Duncan Keith was suspended six games by the Department of Player Safety on Friday for high-sticking Charlie Coyle in the Blackhawks’ 4-1 loss to the Minnesota Wild on Tuesday night.
The defenseman will miss the Blackhawks’ final five regular-season games — including Friday’s game at Winnipeg — as well as their first two postseason games. He’s eligible to return in Game 2 of the first round.
In their video explanation of the suspension, the department said:
“As Keith pivots to play the puck, Coyle works to establish body position with his free hand. During this, Coyle’s stick gets entangled with a teammate’s skates. The combination of a shove and the entangled stick causes Keith to lose his balance and fall to the ice. While on his back, Keith looks at Coyle, winds his armback then slashes his stick dangerously and violently directly into the face of Coyle. It’s important to note that Keith is in perfect control of his stick at all times, and this motion is made intentionally, not recklessly.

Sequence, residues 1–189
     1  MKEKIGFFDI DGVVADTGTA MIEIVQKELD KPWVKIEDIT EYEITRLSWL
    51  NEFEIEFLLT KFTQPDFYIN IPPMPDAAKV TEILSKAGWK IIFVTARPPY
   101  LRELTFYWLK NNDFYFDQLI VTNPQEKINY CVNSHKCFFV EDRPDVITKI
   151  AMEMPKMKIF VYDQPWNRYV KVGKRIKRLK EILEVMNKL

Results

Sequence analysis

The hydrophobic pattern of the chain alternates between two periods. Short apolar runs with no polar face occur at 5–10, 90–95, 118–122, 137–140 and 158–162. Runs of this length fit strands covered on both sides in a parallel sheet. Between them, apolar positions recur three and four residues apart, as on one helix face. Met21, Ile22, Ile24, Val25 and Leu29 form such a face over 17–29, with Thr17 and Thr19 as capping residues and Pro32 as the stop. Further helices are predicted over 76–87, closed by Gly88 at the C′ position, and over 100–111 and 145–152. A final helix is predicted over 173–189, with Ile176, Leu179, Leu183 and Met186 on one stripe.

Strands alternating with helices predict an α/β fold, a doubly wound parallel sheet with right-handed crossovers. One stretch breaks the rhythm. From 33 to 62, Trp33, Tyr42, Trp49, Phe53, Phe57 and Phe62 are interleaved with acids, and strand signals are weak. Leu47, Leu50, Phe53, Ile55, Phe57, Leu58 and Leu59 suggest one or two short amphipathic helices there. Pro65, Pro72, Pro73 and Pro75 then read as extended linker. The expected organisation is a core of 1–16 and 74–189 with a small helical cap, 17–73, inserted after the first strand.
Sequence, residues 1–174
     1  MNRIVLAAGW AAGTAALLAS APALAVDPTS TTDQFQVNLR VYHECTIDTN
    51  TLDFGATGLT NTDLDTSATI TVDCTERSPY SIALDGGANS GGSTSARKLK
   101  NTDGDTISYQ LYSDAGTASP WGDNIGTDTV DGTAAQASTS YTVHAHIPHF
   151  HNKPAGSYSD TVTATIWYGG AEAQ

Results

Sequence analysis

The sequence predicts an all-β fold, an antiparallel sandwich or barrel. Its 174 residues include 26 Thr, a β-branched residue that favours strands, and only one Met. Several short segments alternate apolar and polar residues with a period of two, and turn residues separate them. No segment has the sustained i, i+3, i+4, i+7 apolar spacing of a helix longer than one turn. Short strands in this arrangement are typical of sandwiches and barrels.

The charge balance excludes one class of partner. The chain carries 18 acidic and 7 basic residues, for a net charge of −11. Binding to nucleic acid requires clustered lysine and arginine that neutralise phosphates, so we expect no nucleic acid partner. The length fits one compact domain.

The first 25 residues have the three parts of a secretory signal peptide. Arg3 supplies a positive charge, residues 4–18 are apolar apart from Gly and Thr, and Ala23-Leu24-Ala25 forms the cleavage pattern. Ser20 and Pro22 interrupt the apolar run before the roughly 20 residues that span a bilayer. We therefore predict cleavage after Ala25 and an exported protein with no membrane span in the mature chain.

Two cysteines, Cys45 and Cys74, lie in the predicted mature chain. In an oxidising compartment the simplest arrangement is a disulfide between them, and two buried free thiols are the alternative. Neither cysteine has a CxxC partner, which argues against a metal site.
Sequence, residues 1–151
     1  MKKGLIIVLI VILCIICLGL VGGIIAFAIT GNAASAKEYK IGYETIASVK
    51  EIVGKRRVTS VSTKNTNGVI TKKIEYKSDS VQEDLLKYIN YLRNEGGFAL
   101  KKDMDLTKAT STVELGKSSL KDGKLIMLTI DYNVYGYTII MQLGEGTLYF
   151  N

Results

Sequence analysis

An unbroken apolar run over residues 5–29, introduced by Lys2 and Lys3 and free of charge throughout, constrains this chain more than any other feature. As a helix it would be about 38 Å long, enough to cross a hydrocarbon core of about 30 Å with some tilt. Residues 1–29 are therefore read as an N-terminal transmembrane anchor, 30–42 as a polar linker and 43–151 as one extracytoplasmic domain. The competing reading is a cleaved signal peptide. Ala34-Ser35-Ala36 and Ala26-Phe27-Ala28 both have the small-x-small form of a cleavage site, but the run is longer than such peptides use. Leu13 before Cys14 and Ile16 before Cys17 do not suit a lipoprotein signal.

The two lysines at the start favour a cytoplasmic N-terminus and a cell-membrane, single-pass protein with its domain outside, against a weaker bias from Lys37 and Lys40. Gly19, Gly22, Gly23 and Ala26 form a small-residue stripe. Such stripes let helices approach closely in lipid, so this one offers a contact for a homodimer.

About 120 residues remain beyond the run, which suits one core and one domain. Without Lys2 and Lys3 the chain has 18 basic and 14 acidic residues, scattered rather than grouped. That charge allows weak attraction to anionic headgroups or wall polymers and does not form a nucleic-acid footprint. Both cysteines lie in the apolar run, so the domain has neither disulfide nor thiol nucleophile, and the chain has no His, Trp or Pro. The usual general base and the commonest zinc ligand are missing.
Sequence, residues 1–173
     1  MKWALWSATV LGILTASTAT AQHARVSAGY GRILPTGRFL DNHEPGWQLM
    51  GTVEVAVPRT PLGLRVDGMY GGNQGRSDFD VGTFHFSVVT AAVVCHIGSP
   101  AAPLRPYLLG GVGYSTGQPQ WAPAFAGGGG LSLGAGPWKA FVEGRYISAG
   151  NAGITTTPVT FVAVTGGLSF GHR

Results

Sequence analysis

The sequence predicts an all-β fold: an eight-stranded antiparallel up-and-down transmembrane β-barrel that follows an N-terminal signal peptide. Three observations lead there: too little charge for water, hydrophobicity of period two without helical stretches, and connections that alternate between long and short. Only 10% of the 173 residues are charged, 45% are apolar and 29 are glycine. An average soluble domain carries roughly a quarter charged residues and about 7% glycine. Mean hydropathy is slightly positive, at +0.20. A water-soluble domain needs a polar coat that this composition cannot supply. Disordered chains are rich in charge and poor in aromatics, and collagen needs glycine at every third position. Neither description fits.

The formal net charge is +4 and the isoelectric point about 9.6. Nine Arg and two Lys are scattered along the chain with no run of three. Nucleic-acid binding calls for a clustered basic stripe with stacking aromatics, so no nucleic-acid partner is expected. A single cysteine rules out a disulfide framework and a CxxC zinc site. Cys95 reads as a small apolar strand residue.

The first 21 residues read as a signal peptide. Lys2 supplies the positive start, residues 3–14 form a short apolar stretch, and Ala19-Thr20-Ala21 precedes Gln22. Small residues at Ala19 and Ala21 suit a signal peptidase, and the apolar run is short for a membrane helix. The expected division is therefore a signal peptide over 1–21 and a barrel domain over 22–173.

“This is not a case where two players are battling for position or puck control and a stick rides up suddenly,” the explanation continued. “This is not a defensive high stick. It is also not a case in which a player that is off balance recklessly swings his stick in an uncontrolled manner with an unexpected result. Keith looks directly at his opponent winds his arm back and then whips [the stick] forward in a chopping motion aimed at Coyle’s face.”
The video further explained that, even if Coyle had intentionally tripped Keith “it would not excuse a response of this kind.” The department compared this high stick to the one Keith had on Jeff Carter in the 2013 Western Conference final, for which he was suspended a game – “This is an intentional and retaliatory act of violence by a player with a history of using his stick as a weapon.”
Keith, who waived his in-person hearing, had his phone hearing with the department this afternoon. It’s the third suspension of Keith’s NHL career. Keith forfeits $148,883.35 in salary that goes to the Players’ Emergency Assistance Fund.